“It is as old as conquest and as enduring as colonialism,” he writes. As an activist and a journalist, Flaherty has witnessed firsthand the harms of saviorism and neatly lays out countless examples of its failure—perhaps most poignantly when he writes about Brandon Darby. Flaherty cites numerous articles and other activists for his well-researched chapter about Darby, a man he’s known for several years.”


Education, Homework

“How can we fix homework?

Cory Bennett is doing his part to answer that question. Bennett, now an assistant professor of education of Idaho State, was, for many years, an eighth-grade math teacher in Hawaii. His school was unusually diverse, both ethnically and socioeconomically. Bennett's initial approach to homework was traditional—to teach math concepts in class and assign relevant homework to drill them in. Basically, a lot of rote work. Students weren't onboard. They rejected the homework; soon, most of the class was failing. Rather than blame the students, Bennett re-examined his approach and realized, as he told me, "I didn't know what they knew." Likewise, he had no idea what their lives were like outside of class.

So one day he quashed the planned homework assignment and asked his students to write a 100-word essay about what it was like to be their age. What Bennett received from his kids changed the way he taught. Having a "lens into their mind" helped explain why the traditional homework regime failed. The kids did not have a place to study at home; they had to care for siblings after school; they were overly preoccupied with being accepted among peers to focus on homework; they were dealing with parental problems at home. Normal stuff—but it all mattered. Together, these accounts, according to Bennett, not only explained the broken homework model, but "transformed my instructional practices."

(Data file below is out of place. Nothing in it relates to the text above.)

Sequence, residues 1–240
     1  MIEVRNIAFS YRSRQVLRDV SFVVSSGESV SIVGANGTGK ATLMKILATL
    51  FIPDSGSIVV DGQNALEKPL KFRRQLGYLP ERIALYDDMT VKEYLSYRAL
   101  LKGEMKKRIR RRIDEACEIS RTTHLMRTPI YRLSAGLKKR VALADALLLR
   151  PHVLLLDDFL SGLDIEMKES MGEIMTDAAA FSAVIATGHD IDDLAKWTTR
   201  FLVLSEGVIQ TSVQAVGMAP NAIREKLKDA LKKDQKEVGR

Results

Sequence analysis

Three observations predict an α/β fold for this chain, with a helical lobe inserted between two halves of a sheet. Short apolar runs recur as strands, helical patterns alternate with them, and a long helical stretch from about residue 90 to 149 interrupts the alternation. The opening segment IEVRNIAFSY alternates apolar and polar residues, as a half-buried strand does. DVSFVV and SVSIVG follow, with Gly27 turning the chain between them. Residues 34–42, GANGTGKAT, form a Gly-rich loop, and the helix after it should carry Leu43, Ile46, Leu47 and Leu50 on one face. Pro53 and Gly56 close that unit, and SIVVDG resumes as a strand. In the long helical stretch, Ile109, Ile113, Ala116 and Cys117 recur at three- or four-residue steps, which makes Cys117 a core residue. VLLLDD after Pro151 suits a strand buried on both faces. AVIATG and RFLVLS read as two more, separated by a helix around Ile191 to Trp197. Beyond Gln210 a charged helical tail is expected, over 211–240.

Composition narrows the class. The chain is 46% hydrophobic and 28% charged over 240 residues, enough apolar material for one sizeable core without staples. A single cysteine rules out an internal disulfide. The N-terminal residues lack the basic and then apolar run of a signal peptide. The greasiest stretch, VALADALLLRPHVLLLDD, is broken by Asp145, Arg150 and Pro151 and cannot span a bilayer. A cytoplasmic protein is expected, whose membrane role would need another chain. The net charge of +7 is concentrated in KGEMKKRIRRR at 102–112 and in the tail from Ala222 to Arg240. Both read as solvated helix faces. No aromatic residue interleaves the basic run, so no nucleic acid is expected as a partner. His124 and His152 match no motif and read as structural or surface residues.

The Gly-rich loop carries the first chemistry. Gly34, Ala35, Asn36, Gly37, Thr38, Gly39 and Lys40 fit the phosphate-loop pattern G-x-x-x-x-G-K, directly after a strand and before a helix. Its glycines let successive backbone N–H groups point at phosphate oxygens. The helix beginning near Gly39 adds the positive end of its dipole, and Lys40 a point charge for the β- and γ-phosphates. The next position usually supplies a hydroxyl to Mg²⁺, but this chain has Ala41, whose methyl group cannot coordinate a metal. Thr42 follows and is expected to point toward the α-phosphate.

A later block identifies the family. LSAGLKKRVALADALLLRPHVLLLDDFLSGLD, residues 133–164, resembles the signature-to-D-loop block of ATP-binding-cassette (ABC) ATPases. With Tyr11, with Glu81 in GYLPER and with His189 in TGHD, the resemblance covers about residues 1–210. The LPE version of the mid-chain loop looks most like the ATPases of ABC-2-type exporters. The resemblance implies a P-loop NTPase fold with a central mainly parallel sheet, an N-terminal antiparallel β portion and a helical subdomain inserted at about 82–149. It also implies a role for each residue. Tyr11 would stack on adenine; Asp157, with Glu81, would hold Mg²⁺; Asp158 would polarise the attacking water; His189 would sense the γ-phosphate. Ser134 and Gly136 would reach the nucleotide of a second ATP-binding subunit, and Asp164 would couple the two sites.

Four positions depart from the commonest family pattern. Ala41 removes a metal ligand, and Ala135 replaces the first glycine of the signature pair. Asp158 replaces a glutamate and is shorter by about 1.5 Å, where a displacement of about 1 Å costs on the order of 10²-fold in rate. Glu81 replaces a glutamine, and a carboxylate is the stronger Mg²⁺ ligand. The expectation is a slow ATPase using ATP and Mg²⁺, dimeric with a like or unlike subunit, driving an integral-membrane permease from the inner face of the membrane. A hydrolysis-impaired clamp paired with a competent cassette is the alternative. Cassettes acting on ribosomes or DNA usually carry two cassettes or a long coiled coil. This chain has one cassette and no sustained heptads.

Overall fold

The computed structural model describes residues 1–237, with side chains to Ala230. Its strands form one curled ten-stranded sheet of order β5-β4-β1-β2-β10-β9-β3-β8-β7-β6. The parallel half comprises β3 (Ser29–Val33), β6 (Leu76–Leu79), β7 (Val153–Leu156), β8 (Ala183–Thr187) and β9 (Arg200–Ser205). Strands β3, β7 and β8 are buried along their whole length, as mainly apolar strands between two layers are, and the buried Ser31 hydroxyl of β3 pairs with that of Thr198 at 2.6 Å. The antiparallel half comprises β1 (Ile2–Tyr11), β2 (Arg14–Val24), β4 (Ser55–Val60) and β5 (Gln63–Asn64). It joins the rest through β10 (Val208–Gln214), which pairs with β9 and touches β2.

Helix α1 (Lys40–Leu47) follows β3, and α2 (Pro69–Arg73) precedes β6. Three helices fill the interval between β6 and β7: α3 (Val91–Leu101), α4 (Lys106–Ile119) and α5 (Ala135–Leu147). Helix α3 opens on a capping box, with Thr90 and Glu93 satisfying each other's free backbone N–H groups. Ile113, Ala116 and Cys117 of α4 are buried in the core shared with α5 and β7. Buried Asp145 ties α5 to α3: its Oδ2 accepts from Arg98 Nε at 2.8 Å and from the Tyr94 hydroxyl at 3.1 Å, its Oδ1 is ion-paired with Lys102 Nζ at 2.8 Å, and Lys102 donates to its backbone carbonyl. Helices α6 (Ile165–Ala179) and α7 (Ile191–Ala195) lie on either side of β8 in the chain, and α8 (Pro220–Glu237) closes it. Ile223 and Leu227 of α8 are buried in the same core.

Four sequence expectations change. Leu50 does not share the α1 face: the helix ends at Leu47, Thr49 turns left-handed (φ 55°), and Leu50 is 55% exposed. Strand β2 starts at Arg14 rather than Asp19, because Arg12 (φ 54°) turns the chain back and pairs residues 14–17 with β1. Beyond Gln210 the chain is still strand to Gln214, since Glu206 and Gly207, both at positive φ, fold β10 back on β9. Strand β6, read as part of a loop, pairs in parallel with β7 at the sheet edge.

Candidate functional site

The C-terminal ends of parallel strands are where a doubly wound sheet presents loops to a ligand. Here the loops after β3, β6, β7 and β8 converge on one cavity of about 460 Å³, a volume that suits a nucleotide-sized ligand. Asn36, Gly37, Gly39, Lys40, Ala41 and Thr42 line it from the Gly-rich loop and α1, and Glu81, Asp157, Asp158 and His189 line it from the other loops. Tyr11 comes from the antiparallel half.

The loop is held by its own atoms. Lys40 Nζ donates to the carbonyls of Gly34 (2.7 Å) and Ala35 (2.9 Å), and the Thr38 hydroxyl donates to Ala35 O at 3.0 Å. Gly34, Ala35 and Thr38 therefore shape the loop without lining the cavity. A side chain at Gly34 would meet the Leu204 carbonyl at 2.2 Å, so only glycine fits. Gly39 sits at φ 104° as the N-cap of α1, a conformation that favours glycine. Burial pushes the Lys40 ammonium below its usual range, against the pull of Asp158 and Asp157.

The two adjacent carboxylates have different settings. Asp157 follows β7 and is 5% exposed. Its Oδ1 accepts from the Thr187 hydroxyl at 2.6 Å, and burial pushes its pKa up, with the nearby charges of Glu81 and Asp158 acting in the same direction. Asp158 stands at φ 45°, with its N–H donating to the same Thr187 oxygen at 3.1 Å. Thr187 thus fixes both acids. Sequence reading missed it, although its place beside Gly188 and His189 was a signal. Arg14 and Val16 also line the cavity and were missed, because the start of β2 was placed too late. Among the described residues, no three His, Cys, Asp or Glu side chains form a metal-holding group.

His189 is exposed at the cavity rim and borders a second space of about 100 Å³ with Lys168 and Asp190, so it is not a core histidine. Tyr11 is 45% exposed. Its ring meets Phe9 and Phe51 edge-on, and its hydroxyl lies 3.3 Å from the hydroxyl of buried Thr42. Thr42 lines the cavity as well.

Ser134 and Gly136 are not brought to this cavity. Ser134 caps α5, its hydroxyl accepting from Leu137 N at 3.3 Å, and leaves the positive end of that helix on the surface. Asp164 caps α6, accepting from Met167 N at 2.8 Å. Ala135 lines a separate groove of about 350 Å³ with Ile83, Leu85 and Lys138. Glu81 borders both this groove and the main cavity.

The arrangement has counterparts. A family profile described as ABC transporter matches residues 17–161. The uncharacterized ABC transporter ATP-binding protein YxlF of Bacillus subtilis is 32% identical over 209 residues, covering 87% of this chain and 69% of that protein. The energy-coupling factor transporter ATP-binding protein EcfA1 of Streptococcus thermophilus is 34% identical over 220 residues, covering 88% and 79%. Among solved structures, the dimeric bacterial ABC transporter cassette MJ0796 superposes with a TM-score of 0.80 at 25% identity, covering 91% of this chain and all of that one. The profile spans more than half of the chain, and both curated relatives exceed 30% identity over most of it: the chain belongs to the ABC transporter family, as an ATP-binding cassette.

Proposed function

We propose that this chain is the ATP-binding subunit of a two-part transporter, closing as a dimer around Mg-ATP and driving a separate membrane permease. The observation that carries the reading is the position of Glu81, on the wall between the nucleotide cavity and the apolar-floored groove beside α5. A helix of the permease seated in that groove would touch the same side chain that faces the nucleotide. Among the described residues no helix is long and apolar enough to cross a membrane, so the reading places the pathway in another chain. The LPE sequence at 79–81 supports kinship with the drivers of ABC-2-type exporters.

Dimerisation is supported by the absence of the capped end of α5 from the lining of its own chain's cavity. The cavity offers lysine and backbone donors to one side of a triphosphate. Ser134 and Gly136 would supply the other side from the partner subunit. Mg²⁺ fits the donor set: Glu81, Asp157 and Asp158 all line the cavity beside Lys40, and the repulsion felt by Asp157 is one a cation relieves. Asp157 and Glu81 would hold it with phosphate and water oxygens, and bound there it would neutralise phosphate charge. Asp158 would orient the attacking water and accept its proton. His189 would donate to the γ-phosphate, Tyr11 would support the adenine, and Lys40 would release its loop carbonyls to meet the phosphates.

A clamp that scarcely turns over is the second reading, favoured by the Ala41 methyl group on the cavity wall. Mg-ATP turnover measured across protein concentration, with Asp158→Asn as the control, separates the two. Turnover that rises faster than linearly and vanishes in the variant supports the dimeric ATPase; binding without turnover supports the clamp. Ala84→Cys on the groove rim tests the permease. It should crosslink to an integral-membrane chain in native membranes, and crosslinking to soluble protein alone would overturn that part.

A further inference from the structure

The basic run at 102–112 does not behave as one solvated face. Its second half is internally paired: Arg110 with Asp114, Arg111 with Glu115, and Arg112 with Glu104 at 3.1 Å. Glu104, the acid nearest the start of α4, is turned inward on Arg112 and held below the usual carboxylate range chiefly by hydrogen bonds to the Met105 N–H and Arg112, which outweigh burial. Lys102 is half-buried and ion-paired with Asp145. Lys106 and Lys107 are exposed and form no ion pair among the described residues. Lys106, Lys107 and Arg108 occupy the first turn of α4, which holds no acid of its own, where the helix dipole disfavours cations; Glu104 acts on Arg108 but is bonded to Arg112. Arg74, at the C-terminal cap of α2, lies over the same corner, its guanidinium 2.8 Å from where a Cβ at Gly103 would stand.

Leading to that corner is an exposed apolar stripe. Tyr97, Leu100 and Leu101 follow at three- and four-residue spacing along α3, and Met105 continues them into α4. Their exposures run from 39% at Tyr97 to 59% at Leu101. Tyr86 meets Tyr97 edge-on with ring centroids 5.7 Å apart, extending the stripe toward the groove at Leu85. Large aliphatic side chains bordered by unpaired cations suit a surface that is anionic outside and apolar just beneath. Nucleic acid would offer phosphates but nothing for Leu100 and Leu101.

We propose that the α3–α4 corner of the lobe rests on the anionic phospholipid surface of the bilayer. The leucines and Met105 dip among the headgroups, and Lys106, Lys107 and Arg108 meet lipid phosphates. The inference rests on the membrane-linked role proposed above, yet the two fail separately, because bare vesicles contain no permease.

By better understanding "the lives of my students," Bennett says he was able to appreciate how they needed to be empowered while at school. Everything they wrote about, all their insecurities and ambitions, spoke to a neglected desire for some level of autonomy over classroom learning. To pursue this goal Bennett did something simple but powerful: he let the students know he wanted them to succeed. Then he asked them to provide ideas about how to master the mathematical material in the confines of the classroom. Essentially, he said, "Here is what we have to learn; do you have ideas about how to do it?”